Aims: To study the role of treatment compliance and parents' smoking on asthma control in children with recently diagnosed mild or moderate persistent asthma who were prescribed inhaled anti-inflammatory treatment.
Methods: Prospective cohort study of 167 children aged 6–12 years (64% boys). Patients were examined at inclusion and followed up for three years with a visit every four months. Peak expiratory flow (PEF) was measured twice a day during the week before each visit. Two control criteria were monitored: (1) symptom control = having diurnal or nocturnal exacerbations less than once a week and no symptoms between exacerbations, at all visits; and (2) PEF control = daily PEF variability <20% on each of the seven days before each visit.
Results: Symptom control was achieved by 25.1% of children and PEF control by 53.3%. Symptom control was positively related to having understood the way in which the medication worked and taking the prescribed doses (odds ratios (OR) = 3.38 and 4.82 respectively). It was inversely related to smoking within the home (OR = 0.34). PEF control was positively related to taking the prescribed doses (OR = 3.58). It was less frequently achieved if the mother smoked within the home (OR = 0.34).
Conclusions: Results suggest that, to maximise the benefits of available asthma medication and to improve health outcomes, further efforts should be made to convince the parents of asthmatic children not to smoke in the house, and to improve compliance by increasing the patients' understanding of the disease and its treatment.
- asthma control
- passive smoking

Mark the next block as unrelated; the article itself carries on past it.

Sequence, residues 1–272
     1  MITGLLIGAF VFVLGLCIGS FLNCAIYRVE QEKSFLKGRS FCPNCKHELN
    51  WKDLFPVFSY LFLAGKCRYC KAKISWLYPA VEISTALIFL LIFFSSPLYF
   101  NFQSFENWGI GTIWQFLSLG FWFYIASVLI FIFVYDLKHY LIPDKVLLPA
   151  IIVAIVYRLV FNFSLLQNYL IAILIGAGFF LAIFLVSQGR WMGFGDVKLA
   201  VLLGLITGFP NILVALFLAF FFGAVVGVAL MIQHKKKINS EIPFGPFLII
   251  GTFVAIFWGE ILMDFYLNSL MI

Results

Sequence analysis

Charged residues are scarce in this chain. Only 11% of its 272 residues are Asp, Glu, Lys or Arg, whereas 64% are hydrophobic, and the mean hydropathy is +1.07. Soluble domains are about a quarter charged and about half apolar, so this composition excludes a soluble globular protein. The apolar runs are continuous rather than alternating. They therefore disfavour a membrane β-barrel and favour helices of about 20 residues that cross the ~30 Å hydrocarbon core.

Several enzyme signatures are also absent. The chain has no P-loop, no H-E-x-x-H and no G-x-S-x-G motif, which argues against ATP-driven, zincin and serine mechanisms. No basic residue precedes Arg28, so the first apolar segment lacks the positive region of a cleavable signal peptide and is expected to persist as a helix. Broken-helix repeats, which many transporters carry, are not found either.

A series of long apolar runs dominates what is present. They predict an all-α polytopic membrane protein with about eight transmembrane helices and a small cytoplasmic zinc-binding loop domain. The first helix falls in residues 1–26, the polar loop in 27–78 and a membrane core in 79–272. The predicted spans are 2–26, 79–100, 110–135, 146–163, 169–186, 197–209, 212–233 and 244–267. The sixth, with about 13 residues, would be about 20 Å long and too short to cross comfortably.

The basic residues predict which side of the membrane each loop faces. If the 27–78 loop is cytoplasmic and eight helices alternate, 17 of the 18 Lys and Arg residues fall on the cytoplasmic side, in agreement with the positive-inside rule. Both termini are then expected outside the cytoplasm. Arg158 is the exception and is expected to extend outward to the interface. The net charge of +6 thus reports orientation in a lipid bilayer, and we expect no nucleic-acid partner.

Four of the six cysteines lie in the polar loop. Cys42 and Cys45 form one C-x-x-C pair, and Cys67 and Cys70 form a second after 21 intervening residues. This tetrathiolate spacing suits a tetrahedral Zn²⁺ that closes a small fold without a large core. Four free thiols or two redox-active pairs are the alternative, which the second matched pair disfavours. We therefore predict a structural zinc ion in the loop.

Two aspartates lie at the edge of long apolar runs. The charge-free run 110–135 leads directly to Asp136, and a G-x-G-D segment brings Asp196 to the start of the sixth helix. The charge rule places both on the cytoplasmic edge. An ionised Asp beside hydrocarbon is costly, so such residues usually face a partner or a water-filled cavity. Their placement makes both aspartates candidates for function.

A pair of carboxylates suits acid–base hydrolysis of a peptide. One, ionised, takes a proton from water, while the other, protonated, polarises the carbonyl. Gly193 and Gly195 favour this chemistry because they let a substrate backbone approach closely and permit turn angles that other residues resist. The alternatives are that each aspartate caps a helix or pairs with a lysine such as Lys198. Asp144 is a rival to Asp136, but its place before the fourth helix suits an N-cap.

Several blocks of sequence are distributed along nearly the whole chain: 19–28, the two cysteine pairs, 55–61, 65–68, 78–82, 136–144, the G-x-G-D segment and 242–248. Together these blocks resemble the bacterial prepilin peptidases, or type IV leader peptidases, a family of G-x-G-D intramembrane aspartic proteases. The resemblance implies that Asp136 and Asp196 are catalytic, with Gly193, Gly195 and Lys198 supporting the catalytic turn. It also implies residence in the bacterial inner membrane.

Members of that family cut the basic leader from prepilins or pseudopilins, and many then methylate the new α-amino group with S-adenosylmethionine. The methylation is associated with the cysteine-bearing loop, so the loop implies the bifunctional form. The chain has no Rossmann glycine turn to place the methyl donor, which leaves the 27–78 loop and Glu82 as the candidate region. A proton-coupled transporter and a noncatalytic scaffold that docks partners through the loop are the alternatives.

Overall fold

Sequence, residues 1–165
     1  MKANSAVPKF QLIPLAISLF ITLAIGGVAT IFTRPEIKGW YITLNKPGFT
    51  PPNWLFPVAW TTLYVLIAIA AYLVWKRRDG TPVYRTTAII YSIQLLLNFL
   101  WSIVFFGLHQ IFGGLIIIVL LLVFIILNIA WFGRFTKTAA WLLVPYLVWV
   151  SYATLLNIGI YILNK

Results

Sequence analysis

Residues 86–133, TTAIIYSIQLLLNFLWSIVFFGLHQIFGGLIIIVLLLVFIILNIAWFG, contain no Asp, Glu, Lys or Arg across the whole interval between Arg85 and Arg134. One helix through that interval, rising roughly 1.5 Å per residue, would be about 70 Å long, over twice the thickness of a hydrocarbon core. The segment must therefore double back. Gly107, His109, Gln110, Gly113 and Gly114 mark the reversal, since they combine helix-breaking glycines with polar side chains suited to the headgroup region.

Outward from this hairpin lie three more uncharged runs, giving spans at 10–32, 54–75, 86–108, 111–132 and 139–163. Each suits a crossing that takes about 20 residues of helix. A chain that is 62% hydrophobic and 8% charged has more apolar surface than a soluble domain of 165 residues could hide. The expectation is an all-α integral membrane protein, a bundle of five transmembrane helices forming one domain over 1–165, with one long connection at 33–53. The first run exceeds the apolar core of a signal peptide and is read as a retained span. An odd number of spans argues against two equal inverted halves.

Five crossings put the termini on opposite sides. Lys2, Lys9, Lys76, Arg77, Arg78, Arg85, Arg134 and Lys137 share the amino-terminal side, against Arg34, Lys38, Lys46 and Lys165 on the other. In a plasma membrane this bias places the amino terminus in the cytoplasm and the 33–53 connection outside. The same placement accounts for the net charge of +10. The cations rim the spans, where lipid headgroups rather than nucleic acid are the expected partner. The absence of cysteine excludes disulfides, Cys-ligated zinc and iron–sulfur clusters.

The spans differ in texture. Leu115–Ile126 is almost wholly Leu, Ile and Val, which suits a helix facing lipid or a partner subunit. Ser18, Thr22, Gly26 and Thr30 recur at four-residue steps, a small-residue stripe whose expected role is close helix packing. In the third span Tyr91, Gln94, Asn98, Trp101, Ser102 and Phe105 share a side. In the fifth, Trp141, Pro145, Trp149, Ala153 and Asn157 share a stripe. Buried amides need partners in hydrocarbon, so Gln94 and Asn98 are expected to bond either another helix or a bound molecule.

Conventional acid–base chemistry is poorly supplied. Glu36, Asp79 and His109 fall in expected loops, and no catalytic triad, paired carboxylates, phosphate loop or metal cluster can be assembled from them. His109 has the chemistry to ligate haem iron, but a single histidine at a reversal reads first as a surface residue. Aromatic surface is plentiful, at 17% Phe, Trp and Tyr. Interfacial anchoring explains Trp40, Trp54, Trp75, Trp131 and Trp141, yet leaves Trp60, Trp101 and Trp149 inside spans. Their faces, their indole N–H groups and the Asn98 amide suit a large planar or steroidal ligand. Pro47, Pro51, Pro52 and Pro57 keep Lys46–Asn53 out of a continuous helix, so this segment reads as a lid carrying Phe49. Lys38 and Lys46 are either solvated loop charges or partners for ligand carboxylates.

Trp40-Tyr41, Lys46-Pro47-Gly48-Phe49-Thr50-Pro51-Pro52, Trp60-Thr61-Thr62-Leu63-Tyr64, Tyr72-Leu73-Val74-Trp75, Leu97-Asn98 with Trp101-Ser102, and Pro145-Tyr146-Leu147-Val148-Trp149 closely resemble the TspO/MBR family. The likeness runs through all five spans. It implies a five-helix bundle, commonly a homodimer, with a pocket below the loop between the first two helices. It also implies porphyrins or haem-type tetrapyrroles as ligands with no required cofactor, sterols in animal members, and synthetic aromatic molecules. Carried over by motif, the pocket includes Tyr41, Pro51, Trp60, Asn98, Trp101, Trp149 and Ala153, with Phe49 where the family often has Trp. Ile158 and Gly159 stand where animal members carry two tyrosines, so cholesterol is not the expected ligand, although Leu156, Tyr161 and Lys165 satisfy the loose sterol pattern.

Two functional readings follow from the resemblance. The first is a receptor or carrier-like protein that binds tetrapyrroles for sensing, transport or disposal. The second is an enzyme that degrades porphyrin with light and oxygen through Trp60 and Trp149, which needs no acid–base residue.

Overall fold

- CI, confidence interval
- FEV1, forced expiratory volume in 1 second
- OR, odds ratio
- PEF, peak expiratory flow
Statistics from Altmetric.com
- CI, confidence interval
- FEV1, forced expiratory volume in 1 second
- OR, odds ratio
- PEF, peak expiratory flow
Asthma is the most common chronic disease in childhood; it may affect up to 35% of the population in developed countries.1 Asthma is an inflammatory disease of the airways involving respiratory symptoms, such as wheezing and coughing, and reversible airflow limitation. Its severity differs widely between patients, but most people with asthma have a mild form of the disease.2,3
International guidelines have been established for the management of asthma,4 based on a classification of asthma severity (before treatment) into four grades: intermittent, mild persistent, moderate persistent, and severe persistent. Inhaled anti-inflammatory medication is recommended for all patients with persistent asthma.4,5 The goal of management is to achieve control: symptoms, whether diurnal or nocturnal, should be absent or minimal with infrequent exacerbations, and pulmonary function should be normal.4 To achieve this, patients with persistent asthma should take anti-inflammatory medication as prescribed, even if they have no symptoms.